Critics: NYC Zoning Promotes Segregation, Inequality
"If were going to be a sanctuary city—that has to include being a place where people can afford to live." So argues Sylvia Morse, a NYC housing advocate and co-editor of Zoned Out! alongside planning professor Tom Angotti. In an interview, the two draw harsh conclusions about the city's housing and zoning policy.
Their argument: modern forms of inequality have systemic roots and need to be dealt with as such. "Zoning is a systemic policy to protect neighborhoods that are predominantly white and homeowner neighborhoods—the whiteness is more important than home ownership, actually. [...] If policies are not explicitly anti-racist, then they are perpetuating racism."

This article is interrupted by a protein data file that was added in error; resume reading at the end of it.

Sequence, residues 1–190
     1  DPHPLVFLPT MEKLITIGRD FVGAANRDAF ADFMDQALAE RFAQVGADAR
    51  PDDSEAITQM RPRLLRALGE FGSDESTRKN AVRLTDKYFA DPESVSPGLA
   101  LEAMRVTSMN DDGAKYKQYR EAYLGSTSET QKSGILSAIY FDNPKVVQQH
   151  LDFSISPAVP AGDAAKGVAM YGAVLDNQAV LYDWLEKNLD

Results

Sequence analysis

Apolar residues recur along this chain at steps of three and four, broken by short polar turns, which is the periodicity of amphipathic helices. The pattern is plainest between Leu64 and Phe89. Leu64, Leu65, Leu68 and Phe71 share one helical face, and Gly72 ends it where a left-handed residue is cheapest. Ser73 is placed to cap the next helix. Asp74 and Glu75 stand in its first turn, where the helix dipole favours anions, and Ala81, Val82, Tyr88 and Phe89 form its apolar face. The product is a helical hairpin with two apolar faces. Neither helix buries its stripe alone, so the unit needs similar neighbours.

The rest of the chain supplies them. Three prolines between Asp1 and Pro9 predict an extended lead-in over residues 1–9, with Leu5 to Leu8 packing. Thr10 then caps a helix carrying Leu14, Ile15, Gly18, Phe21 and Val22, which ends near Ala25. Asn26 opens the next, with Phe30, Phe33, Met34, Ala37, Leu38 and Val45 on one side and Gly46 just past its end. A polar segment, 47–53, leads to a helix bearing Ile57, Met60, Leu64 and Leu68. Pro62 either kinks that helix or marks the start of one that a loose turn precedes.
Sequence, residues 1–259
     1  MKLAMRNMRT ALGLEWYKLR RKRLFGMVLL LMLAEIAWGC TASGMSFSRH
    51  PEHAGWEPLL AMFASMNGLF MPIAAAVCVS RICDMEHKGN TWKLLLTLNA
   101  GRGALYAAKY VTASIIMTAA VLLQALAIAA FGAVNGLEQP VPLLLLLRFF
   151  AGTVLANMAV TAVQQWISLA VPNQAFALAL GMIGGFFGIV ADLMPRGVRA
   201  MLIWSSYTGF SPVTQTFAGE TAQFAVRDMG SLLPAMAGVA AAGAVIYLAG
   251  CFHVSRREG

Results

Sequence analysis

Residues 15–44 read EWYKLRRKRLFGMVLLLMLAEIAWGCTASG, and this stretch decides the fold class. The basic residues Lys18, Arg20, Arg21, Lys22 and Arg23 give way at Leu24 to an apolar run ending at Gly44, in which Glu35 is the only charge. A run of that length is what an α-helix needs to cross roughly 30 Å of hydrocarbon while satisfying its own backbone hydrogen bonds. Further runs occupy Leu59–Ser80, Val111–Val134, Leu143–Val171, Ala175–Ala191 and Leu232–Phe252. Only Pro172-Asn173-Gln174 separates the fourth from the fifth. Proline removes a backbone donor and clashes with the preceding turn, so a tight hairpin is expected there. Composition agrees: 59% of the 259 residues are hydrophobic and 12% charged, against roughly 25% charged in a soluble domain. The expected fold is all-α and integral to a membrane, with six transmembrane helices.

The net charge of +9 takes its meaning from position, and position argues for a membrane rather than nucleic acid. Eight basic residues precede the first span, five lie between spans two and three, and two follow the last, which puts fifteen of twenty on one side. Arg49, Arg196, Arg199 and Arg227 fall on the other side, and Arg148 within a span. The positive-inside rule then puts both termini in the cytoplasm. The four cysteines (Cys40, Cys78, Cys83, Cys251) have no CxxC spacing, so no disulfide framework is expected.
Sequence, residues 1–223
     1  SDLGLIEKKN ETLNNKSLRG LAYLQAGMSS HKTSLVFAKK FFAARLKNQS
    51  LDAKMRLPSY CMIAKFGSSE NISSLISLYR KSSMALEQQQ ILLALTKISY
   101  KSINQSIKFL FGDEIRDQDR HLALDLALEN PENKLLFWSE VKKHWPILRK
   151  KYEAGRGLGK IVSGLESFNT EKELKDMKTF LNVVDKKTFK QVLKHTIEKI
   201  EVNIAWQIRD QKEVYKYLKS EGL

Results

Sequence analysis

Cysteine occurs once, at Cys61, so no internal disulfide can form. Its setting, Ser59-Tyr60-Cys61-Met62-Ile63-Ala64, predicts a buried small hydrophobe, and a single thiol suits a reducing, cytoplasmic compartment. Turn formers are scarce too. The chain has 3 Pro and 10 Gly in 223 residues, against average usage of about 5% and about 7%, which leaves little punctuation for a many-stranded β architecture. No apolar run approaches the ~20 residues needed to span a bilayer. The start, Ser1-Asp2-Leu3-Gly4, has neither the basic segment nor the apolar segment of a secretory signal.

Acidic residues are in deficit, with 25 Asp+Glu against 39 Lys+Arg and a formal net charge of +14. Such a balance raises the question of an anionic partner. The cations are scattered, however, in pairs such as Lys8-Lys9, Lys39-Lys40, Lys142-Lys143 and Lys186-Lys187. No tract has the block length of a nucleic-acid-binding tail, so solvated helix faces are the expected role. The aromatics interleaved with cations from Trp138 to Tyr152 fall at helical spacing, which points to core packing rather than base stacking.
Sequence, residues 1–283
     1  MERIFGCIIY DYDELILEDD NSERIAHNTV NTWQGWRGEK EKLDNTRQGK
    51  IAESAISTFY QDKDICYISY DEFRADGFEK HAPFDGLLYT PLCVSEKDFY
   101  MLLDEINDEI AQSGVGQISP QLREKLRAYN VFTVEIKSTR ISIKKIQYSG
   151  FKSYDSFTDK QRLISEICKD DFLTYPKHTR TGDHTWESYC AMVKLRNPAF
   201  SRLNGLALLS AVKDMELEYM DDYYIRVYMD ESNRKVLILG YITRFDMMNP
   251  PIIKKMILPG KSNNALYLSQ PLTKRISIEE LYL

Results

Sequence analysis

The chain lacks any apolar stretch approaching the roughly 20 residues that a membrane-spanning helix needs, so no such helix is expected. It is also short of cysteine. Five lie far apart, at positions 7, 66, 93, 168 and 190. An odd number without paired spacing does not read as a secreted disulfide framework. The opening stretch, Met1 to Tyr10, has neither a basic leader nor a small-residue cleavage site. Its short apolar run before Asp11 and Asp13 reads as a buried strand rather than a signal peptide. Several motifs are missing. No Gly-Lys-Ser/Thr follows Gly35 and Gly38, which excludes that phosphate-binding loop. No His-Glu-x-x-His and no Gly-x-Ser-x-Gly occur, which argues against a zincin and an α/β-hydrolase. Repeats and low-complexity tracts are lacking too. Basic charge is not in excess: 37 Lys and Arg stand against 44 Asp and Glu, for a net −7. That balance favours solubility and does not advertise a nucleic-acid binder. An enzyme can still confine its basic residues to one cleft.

Moore and Angotti argue that many of today's urbanist buzzwords like "underutilized" land, transit-oriented development, mixed-use, and even "density" can mask profit- or even race-related displacement. Lacking a comprehensive plan, NYC's zoning remains a hyper-local affair, perpetuating these problems.
Says Morse, "We see a lot of that happening now, where if people are living in poverty, and if those people are people of color, their neighborhoods are immediately labeled as needing a certain kind of investment. Rather than that investment in social programs, that investment comes in the form of subsidies for developers that are going to make a ton of private profit."